Posts Tagged attrition
With approximately half the federal workforce nearing retirement age, government agencies are faced with the challenge of determining how to transition knowledge and determine the next generation of leaders. This exercise in organization transition presents a particularly acute problem given a recent Washington Post report that the number of employees under the age of 30 working for the federal government is at the lowest level since 2005. This means that the future leadership of our federal government workforce is just 6.6 percent of the total federal workforce, which is down from 9.1 percent in 2010. In raw numbers, this equals a drop of 45,000 individuals over five years. If even a portion of those lost to public service represent high potential leaders, this is an impactful brain drain. So, what is causing this exodus and what can be done about it?
Recognition. Leaders sometimes fall into the trap of managing projects at the expense of people. I was reminded about this recently while talking to a young woman. In short, she told me she never receives management recognition for the good work she performs—teaching computer skills to people who are resistant to technological change. She sees her job as a daily challenge and said a little appreciation would go a long way. While recognition from a leader would seem to be common sense, agency leadership needs to make it common practice in order to attract, retain, and motivate future generations.
Empowerment. The broad use of computers and mobile devices has created a generation whose work habits are far less tethered to a desk than any generation in the past—just take note of how many people are using laptops at your local coffee shop! Agency leaders need to support millennial tendencies to work remotely and independently.
Targeted Investment. With only so much time and money, any investment of dollars needs to be focused on specific outcomes. A terrific example is the DoD DIUX (Defense Innovation Unit Experimental). DIUX is a full-time outreach office in Silicon Valley that will serve to broaden the Pentagon’s access to new technologies. This innovative approach provides a model for other agencies to follow in promoting public service work that is appealing to the millennial generation.
Knowledge Transfer. Don’t wait—the best and brightest are working on an accelerated schedule when it comes to expected growth and leadership opportunities. Encourage senior leaders to pass along to promising younger workers their views and insights. This knowledge transfer should be targeted to those identified for leadership roles.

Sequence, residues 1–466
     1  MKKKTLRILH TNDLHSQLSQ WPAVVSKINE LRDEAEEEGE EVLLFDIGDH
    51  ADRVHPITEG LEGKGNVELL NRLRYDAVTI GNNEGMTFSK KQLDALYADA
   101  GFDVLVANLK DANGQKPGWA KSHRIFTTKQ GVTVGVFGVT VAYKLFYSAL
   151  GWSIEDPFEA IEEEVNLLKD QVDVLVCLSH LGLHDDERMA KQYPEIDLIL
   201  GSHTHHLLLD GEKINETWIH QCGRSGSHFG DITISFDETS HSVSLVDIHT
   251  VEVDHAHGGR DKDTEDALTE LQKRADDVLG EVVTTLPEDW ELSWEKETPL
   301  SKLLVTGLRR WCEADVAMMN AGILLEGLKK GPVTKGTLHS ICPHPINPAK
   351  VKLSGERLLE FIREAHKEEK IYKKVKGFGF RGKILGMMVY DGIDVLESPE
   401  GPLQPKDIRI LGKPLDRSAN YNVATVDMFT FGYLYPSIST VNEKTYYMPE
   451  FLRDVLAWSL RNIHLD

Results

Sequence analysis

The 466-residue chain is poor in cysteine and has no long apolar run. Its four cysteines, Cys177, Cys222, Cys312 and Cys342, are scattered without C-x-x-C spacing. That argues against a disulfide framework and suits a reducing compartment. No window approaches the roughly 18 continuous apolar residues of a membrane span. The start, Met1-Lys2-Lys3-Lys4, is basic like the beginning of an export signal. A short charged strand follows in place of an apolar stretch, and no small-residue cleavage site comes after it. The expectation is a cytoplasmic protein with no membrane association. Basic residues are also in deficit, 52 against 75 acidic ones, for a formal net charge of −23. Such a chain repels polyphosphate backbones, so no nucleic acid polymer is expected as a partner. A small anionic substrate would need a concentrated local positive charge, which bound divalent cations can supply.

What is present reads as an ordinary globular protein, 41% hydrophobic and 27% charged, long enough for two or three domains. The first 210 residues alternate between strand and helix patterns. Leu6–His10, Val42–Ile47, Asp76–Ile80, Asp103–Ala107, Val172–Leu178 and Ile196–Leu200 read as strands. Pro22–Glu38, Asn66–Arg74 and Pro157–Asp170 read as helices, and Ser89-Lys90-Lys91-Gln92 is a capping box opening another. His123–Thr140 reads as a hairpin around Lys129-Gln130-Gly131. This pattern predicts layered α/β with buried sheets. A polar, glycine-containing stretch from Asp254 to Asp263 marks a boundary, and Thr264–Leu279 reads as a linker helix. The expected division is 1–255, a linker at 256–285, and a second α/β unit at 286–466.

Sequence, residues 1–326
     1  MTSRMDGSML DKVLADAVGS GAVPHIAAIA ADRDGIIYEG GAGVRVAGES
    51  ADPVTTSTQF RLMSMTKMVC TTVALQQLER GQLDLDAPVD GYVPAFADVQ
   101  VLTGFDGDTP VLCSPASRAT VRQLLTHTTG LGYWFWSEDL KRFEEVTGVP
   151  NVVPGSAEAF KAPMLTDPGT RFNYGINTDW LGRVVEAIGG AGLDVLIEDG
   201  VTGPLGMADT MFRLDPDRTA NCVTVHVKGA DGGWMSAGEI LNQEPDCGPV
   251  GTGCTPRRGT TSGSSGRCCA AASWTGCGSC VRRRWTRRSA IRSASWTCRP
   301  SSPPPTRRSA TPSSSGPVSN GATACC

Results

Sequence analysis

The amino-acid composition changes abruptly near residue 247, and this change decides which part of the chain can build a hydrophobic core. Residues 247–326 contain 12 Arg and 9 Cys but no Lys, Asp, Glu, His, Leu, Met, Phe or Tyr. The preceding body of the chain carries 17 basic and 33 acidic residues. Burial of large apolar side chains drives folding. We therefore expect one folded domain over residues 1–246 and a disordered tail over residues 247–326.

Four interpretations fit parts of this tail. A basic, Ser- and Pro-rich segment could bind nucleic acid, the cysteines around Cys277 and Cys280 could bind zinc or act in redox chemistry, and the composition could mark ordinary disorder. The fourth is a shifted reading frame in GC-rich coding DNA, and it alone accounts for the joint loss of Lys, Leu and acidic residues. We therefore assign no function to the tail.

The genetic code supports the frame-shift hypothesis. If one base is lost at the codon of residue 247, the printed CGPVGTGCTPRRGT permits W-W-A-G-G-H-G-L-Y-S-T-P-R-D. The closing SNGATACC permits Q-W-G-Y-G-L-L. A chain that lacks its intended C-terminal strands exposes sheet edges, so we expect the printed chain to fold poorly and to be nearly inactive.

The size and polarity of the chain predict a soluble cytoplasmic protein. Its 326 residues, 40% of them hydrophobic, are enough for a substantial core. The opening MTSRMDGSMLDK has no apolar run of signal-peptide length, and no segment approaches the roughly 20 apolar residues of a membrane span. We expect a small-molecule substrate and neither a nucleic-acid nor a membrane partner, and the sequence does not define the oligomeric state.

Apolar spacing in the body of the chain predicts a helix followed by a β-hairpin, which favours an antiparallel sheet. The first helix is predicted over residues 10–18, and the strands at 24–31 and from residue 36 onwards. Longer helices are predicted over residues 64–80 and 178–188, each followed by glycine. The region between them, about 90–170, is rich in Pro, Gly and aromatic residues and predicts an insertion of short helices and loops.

Meet the challenge of a looming generational transition head-on by developing actionable solutions that identify future leaders, enable knowledge transfer, and increase leadership capacity. A little bit of extra attention now can greatly improve the position of an agency in the future.
A report published this month by the Partnership for Public Service (PPS) highlights a significant concern about attrition in the federal government. Although attrition has decreased to 5.85 percent in fiscal year 2009 from 7.6 percent in fiscal year 2008, the report focuses on who is leaving and their significance to individual agencies. The study states that the three main groups that are walking away from their jobs include new hires, employees eligible for retirement, and those in mission-critical roles. The report also uncovered that from fiscal 2006 to fiscal 2008, 24.2 percent of newly hired employees in the government left their jobs within two years.
Attrition in the Federal Government can have an increased negative effect on both the cost to the agency as well as the loss of knowledge that the individual takes with them when they leave. By 2015, over 48 percent of federal employees will be eligible to retire. This includes more than 67 percent of federal supervisors. When this group exits the workforce, they will be taking valuable and crucial knowledge along with them. Agencies must begin now to start recruiting top talent, training them, and allowing them to work side by side with those that can pass on important skills and know-how to the next leaders. In addition, agencies must ensure that new talent they are bringing on-board are satisfied with their work environment.
Authors and leadership experts, Ken Blanchard and Sheldon Bowles wrote the book, Gung Ho! to generate importance on how to create committed and motivated people. They found that there are three requirements for turning on the people in any organization. First, people need to have worthwhile work. People need a higher purpose and shared values that guide all plans, decision, and actions. Second, they need to be in control of achieving the goal. When people know why they are working and where they are going, they want to bring their brains to work. Being responsible demands people’s best! Finally, to continue to generate energy, people need to cheer each other on, catch each other doing things right, and accentuate the positive.
Learn 8 more ways you can create a positive and motivating work environment that can lead to long-term commitment and low turnover.
If you would like to read more on the study conducted by PPS, you can access the report here.